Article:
Why can’t I get any recognition for my music?
Why do other bands get the gigs when we’re clearly better musicians? Why can’t we book more gigs? We should be famous by now!
These are just a few of the things I hear on an almost daily basis.
It’s almost like a broken record.
I get it. It’s hard to get win new fans without really grinding and hustling every day.
It’s even harder if you aren’t playing live shows on a consistent basis.
What it takes to ‘make it’ in music
Most artists that seem like overnight sensations have actually been grinding it out for years. Maybe even decades.
Take Van Halen for example. Eddie and Alex formed their first band in the fourth grade calling themselves The Broken Combs.
Hear that? The fourth grade! By the time they released their first major label album they’d already been playing together, including live shows, for over 10 years! Granted it wasn’t all the same members, but the core, Eddie and Alex, had been putting in their time.
So what if you’re like me and didn’t start playing until you were 15 or 16 or maybe even later?
That’s completely fine. You just have to remember that it takes time to perfect your craft.
Maybe not ten years, but it takes time. And work.
So, let’s get started.
How to fix your band’s “SUCK SYNDROME”
At the beginning of the 2017-2018 NHL hockey season, Alex Ovechkin, the Russian born captain of the Washington Capitals, made the statement, “We’re not going to be suck this year.”
Capitals fans embraced his promise. Finally, for the first time in 44 years, and after a grueling season and winning several nail-biting playoff games, a Stanley Cup Championship trophy was won.
Washington and Ovechkin delivered on not being “suck” anymore.
If Ovechkin and the Washington Capitals can turn around a 44-year losing streak then you can certainly fix your band’s suck syndrome.
The thing that can help you most out of the gate is to take a good look at your “product.”
What is the product?
Your music is only part of your product.
Your product is the complete package:
- Your artist image
- Your artist biography
- Your music
- Your skills – playing
- Your business skills
- Your dedication to investing in your career
- How you interact with fans/potential fans/promoters
Let’s dig into a simple but often overlooked item, your artist image.
Your artist image
How can you be sure you your “image” is best represented in your artist photos and press shots?
You may have written the song of the century. Your skills may be more polished than Bon Jovi or U2 or some other band that has sold millions of records.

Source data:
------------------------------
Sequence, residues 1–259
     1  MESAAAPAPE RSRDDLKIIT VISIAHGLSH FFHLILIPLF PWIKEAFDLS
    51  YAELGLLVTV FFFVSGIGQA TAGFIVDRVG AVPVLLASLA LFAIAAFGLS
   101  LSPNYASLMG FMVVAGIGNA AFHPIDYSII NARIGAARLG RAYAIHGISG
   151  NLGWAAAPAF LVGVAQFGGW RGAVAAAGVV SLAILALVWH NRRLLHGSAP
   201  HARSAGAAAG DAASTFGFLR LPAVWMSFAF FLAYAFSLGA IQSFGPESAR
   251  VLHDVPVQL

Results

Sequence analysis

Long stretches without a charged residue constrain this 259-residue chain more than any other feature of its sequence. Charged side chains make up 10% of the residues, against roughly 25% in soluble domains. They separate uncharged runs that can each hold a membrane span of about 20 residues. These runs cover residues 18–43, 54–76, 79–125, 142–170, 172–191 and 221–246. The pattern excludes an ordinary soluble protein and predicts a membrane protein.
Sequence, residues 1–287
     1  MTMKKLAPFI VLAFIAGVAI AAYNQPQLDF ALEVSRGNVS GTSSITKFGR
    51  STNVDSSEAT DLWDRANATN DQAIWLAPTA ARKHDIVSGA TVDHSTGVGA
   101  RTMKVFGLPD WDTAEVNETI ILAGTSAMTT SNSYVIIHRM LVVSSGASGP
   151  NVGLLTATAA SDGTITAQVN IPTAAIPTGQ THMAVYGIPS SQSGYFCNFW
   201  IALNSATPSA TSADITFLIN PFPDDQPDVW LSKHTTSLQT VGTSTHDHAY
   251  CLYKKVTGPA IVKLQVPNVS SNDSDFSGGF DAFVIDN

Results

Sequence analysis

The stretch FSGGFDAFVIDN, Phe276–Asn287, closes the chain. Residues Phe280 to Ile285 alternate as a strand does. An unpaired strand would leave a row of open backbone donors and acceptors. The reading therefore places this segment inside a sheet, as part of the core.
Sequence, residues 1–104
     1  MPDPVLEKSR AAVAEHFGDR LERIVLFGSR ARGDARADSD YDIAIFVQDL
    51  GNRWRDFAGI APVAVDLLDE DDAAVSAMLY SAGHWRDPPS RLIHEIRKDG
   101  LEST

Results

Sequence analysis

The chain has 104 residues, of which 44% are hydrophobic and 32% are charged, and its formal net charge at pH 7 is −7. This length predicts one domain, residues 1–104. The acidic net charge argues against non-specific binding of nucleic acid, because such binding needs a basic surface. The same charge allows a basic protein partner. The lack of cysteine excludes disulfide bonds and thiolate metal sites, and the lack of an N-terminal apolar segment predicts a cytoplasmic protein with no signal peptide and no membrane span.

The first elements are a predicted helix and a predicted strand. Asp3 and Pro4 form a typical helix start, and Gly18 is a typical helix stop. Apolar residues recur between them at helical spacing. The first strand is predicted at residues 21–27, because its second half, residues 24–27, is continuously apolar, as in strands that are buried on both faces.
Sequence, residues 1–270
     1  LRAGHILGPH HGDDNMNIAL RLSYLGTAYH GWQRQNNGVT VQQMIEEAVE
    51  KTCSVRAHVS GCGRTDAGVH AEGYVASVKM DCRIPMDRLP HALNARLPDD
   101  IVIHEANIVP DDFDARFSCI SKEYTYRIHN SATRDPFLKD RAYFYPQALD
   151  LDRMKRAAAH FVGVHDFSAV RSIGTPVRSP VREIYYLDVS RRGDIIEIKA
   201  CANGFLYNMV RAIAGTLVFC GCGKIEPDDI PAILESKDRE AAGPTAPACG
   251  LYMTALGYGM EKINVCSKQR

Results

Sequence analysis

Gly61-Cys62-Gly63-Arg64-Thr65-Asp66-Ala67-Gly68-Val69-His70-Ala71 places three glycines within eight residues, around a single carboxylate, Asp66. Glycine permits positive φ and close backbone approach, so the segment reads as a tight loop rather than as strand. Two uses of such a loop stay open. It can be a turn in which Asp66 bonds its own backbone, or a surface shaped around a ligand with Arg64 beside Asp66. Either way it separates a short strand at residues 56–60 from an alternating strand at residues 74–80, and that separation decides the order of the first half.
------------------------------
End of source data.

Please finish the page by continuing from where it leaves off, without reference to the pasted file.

Burt if your promo pictures are bad you probably won’t even get your foot in the door.
Your artist picture doesn’t have to look like a glamour shot (and I hope it doesn’t); it just has to represent WHO YOU ARE.
If you’re a folk singer that sings about cornfields and country roads then get that scenery in your your pictures. Take a picture in an old pickup truck on a country road in front of a cornfield. Simple.
Are you an inspiring hip-hop artist? Be creative. Instead of taking a selfie on your cell phone in your bedroom (I’ve seen this more times than I care to mention!) take a picture in a setting that makes your intended audience want to invest in your brand.
At the same time, YOU should be the focal point, not the background. The background is there to support you, provide context, and emphasize your aesthetic.
Make it interesting so people want to know more about you.
Ask yourself these questions:
- Does this picture really represent me well? In other words, does this picture add to the story of who I am as an artist?
- Does this picture make me look like an amateur, or does it show who I really want to be?
- Will this picture make people want to learn more about my music?
- Do I look the same in real life as I do in the picture? Keep your promo picture current. Did you grow your hair? Lose weight? Start working out? Change band members? If so, it’s time to update your picture.
If you want to get noticed and create a buzz you need to fix these things. Take time and look at each item without bias.
If your artist image is bad you won’t get listens. Sad but true. People judge books by their covers.
If your biography is lacking it can give the impression that you’re unprofessional.
Venues, record labels, and press want you to make their job easy. They want a complete package.
Unsure of the best way to improve? I put together a checklist of what to do next.
It’s not theory. It’s based on thousands of pitches. These are the secret ingredients to booking more gigs and getting more exposure.